How to stay married 82 years? ‘Keep busy but stay happy’
He would bring candy bars to school for her, where they met in the fifth grade.
Harold Owings was always sweet on Edna, and his perseverance so impressed her that when she was 19 and he was 20 she married him 82 years ago on Nov. 24, 1931.
Harold, 102, and Edna, 101, were honored Feb. 14 as Worldwide Marriage Encounter’s 2014 Longest Married Couple Project Winners in a ceremony attended by family members and WWME leaders at Bellarmine-Jefferson High School’s Eleanor Hall in Burbank.
The couple achieved the honor of being the Longest Married Couple based on nearly 300 nominations submitted to WWME from all across the country beginning in October of last year until the project ended on Jan. 10.
“We realize there could be couples married longer, but we did not receive their nominations from friends or family during the nominating period,” said Ron and Judy Pekny, WWME’s U.S. Ecclesial Team couple from Fort Worth, Texas.
“It is with great pride that we are here today to recognize your truly extraordinary 82 years of marriage,” said Judy. “We are so thankful of the commitment that you have been to each other and for being such a visible sign of the power of love that a man and woman have in the precious gift God gave us in marriage.
“Scripture tells us that is why a man leaves his father and mother and clings to his wife and the two of them become one [flesh]. What a remarkable union you brought about 82 years ago when you exchanged your vows on Thanksgiving Day. We can only imagine how many lives have been blessed by witnessing your relationship through the years.”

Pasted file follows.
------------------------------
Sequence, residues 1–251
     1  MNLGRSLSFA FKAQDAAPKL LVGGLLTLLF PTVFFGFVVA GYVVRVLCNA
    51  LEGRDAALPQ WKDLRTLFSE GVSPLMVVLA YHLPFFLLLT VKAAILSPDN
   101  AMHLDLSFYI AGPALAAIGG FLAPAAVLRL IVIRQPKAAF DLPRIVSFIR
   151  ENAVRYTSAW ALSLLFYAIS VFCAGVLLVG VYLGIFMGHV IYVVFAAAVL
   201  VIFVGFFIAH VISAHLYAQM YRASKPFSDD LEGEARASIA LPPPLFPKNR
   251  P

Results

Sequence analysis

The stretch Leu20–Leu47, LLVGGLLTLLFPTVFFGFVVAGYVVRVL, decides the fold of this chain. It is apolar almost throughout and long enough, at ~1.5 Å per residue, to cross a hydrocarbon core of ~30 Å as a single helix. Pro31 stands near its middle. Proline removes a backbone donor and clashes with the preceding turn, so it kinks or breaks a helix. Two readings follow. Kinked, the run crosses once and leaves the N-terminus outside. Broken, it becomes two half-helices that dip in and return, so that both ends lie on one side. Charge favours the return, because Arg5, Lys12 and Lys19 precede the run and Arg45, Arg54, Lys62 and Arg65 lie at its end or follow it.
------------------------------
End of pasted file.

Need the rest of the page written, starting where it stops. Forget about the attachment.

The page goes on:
The Peknys presented the Owings with several commendations and gifts, including a congratulatory proclamation from Burbank’s mayor, a Bible for the Christian couple, a swan figurine and a musical egg lighthouse.
“Harold and Edna, you are a lighthouse, a sign of hope for couples who can’t quite find the safety of the shore amid so many storms in their lives,” said Ron. “You show us that not only can we find safety, we can also find joy, the joy of an 82-year voyage, side-by-side with the love of your life. May this lighthouse offer hope to all who follow you on their own journey of marriage and faithful love.”
“It doesn’t seem like it’s been that long to us at all,” said Edna, who offered words of advice for a lasting marriage. “Keep busy but stay happy. We’ve been happy. We plan things together and we never thought of getting angry or yelling at each other. If you love each other enough to get married, it’s nice to feel like you really belong to someone.
“We are as much in love now as we were when we got married,” she continued. “We’ve never had a lot of money, but we’ve never wanted anything we couldn’t afford, so we’ve never been frustrated or aggravated over anything. We had two wonderful children (now deceased) [and] a loving family [of] four grandchildren and eight great grandchildren and they’re all doing well.”
“I never remember having an argument with Edna and it lasting overnight,” added Harold. “I always believed that she has a right to her opinion and I have a right to my opinion and we both express our opinions to each other and we leave it that way and eventually we find out which one is right.”
Karl Schneider, the Owings’ 22-year-old great grandson among several relatives attending the event, said his great grandparents’ “everlasting love” and the fact that they settle disagreements within 24 hours have made a big impression on him.
“Their marriage has been something I’ve always looked up to as the ideal marriage,” said Schneider. “I kind of set my standards based on them.”
WWME, the original faith-based marriage enrichment program with a presence in almost 100 countries, has been offering weekend experiences in the U.S. for over 45 years. Upcoming local weekends are scheduled in Chatsworth (Feb. 28-March 2) and Palmdale (April 25-27).
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